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Teens go to extremes to build muscle, study finds

More teens are using muscle enhancing products such as steroids and protein powders to bulk up, according to a new study published Monday in Pediatrics.

“These behaviors are a little more common among young people than we previously thought,” said lead study author Dr. Marla Eisenberg. “We want to put it on the radar for pediatricians, parents and other people working with adolescents.”

Researchers at the University of Minnesota examined a diverse group of about 2,800 middle and high school students in the Minneapolis/St. Paul metropolitan area. The study found that the behaviors were more common among boys than girls.

Two-thirds reported changing their diet to increase muscle size or tone. Nearly 35 percent said they used protein powders and shakes, while almost 6 percent reportedly used steroids. Twelve percent of boys and 6 percent of girls said they used three or more of these substances and/or behaviors.

Findings were based upon EAT (eating and activity in teens): a 2010 data analysis from a 235 question survey asking teens about their dietary intake, physical activity, weight status and control behaviors, among other related factors.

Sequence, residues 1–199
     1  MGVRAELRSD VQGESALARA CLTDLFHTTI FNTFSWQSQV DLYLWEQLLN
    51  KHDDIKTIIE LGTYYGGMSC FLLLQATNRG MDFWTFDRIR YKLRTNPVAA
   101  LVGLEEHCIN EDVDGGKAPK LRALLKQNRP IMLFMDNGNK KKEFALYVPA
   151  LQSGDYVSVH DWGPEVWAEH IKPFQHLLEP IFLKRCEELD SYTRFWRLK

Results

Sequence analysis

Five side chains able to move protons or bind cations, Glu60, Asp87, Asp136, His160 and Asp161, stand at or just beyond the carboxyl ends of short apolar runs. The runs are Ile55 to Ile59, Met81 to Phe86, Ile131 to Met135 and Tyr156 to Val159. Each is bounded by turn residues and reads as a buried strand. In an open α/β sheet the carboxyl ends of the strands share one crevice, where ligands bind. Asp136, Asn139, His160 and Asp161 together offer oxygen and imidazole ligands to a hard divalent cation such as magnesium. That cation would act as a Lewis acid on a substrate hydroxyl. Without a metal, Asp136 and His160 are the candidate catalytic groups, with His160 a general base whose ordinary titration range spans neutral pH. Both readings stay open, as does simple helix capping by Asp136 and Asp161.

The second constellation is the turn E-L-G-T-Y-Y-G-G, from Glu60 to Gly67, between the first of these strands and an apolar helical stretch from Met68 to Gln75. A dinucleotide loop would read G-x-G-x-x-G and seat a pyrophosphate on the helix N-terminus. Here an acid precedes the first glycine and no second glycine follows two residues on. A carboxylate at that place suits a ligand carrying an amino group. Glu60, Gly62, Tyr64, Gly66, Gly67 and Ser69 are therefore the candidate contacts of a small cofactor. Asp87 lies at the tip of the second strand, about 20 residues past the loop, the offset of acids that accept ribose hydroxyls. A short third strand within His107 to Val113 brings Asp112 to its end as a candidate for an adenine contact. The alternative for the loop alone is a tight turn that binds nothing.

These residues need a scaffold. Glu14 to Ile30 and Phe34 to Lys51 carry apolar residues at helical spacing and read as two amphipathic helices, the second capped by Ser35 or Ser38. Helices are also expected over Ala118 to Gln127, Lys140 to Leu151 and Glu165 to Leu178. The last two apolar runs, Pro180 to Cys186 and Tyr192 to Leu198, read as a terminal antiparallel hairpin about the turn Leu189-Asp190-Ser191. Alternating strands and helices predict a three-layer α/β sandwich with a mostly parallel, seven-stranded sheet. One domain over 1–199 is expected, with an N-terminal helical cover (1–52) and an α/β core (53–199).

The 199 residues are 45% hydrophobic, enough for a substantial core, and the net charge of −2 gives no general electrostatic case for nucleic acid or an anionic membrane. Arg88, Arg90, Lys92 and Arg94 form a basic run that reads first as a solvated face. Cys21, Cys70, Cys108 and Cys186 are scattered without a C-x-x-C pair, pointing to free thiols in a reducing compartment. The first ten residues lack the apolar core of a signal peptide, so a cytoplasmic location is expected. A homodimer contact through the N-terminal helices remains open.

Researchers say images of men in the media have been getting more and more muscular over the past few decades, the Huffington Post reported. “At the same time, researchers say that exposure to extremely muscular models contributes to body dissatisfaction in boys.”

The authors of the study also found that obese or overweight girls are significantly more likely to use protein powders or shakes than girls of average BMI, ABC News reported.

Teens aren’t always aware that these behaviors can be harmful, Dr. Jennifer Shu, a pediatrician in Atlanta, told CNN.

“First thing to do is try to educate and say, ‘You know, I’m glad you are active and playing sports and trying to be happy. Just remember most kids don’t need protein supplements, or even energy drinks because they are getting the electrolytes in their diet,'” Shu says. “It’s good for parents to be aware because they might think it’s good and buy teens these protein powders.”

Rachel Lowry is a reporter intern for the Deseret News. She has lived in London and is an English graduate from Brigham Young University. Contact her at or visit